Regulators in the U.K. are reportedly poised to ban the use of metal-on-metal hip implants after finding unacceptably high rates of failure in a review of 17,000 cases.
The proposed ban, which would affect hospitals in the U.K.’s National Health Service, follows a review by the country’s National Institute for Health & Care Excellence that found failure rates as high as 43% for some of the implants, The Telegraph reported.
The NICE recommended that NHS hospitals stop using any implant with failure rates exceeding 5%, which would take virtually every metal-on-metal implant there out of the health system, according to the newspaper. Two metal-on-metal hip implants barely meet the requirement, according to The Telegraph.
Metal-on-metal hip implants came under scrutiny following the high-profile August 2010 recall of DePuy Orthopaedics’ ASR XL acetabular and ASR hip resurfacing systems. Johnson & Johnson pulled the devices off the market after receiving reports that a higher-than-normal number of patients required surgeries to correct or remove defective implants.
Some reports warned that hundreds of thousands of patients may have also been exposed to toxic compounds from metal-on-metal implants, putting them at risk of developing cancer, cardiomyopathy, muscle and bone destruction and changes to their DNA. Since then the controversy has ensnared device makers such Smith & Nephew (FTSE:SN, NYSE:SNN) and Biomet, with personal injury lawsuits piling up even against MoM hip implants that haven’t undergone a recall.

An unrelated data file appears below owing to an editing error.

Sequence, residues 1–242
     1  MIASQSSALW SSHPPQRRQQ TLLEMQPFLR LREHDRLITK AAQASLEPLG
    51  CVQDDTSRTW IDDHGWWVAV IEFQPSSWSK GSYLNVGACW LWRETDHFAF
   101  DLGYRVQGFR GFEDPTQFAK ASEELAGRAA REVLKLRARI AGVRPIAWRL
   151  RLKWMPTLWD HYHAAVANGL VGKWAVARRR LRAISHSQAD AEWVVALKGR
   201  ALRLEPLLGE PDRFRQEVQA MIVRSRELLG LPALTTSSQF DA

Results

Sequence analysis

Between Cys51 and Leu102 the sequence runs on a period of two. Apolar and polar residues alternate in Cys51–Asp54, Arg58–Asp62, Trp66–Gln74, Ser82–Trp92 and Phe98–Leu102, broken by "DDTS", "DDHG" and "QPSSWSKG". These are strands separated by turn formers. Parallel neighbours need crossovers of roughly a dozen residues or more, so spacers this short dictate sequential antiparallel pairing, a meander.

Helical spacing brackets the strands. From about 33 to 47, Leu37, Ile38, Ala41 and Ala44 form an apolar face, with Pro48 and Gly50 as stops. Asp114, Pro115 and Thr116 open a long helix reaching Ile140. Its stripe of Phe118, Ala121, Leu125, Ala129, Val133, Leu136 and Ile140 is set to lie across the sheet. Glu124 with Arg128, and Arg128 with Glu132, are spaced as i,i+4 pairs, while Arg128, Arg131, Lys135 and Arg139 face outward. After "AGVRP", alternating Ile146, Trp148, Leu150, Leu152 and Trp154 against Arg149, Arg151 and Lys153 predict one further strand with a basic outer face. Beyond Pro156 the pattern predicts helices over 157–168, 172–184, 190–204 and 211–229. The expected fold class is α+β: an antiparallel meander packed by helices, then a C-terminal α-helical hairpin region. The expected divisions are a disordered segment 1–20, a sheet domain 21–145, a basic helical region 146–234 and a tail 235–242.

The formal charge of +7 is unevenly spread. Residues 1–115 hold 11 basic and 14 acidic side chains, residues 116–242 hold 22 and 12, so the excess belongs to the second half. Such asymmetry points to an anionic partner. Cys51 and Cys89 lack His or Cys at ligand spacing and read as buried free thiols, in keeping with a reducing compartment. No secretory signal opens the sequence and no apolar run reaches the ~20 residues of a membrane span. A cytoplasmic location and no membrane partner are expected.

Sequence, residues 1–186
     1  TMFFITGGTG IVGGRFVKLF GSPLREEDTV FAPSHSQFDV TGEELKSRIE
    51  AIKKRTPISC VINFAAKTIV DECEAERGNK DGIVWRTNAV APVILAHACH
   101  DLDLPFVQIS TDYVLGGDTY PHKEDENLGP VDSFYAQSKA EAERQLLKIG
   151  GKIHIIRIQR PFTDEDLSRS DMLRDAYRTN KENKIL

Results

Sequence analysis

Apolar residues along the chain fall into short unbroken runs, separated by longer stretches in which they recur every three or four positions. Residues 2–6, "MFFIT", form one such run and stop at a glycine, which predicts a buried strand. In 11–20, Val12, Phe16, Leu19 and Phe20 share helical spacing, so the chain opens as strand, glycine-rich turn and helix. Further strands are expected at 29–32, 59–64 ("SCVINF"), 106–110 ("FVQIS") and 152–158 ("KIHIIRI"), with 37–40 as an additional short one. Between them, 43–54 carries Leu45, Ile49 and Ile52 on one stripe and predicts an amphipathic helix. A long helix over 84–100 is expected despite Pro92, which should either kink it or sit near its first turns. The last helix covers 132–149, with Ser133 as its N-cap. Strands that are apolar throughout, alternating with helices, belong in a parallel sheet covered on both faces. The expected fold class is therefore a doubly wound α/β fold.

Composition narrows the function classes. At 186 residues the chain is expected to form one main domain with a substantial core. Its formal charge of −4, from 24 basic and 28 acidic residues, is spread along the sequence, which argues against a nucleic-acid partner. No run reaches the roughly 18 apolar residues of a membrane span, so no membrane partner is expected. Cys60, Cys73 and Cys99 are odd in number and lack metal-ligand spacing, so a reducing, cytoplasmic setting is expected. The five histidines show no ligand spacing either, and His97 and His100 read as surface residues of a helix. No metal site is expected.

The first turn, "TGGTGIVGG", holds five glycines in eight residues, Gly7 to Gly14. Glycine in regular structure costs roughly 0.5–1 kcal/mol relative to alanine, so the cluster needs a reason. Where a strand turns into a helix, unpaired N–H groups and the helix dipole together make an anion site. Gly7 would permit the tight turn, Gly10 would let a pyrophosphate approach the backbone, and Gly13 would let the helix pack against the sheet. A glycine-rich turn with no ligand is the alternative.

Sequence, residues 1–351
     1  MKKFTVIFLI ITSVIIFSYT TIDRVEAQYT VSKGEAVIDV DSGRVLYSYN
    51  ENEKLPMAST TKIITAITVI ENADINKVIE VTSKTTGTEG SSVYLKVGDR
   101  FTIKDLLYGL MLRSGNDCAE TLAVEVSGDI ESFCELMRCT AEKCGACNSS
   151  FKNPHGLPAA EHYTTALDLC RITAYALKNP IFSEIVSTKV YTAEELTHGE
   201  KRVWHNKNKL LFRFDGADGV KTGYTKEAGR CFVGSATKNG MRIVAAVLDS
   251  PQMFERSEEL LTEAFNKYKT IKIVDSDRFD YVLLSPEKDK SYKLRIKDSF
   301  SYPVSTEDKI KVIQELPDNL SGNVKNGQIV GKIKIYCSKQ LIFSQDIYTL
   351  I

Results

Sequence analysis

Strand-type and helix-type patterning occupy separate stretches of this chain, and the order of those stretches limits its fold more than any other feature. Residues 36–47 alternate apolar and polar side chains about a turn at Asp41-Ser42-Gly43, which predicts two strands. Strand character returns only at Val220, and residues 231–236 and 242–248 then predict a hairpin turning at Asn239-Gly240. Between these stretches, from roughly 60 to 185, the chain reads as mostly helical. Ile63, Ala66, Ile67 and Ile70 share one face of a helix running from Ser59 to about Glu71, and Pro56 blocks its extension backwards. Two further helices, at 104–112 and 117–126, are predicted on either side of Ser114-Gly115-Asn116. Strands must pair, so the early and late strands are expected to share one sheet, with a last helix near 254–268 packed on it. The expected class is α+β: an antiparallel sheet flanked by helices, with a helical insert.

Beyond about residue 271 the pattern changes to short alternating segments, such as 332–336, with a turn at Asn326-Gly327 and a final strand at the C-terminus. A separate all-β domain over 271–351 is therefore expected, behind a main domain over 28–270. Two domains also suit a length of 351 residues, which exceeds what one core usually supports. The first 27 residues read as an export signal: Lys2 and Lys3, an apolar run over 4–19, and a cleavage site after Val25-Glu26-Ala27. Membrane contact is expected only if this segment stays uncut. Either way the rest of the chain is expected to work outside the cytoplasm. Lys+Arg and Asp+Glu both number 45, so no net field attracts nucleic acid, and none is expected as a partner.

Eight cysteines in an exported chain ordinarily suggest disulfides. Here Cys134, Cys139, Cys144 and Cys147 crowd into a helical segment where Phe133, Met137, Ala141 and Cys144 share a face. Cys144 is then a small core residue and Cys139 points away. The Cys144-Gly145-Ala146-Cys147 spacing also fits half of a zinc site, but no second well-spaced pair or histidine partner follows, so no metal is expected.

The NICE audit across the pond found that the DePuy ASR device posted a failure rate of 43% after 9 years and also found high failure rates for metal-on-metal hip resurfacing implants, the newspaper reported.
"I think there is a question about whether [the proposed ban] goes far enough, but this is definitely a step in the right direction – it amounts to a ban on most of them," Dr. Stephen Cannon of the Royal National Orthopaedic Hospital told The Telegraph. "The figures speak for themselves – even the best metal-on-metals have four times the failure rate of the rest. This is a really significant problem because these were given to an awful lot of people."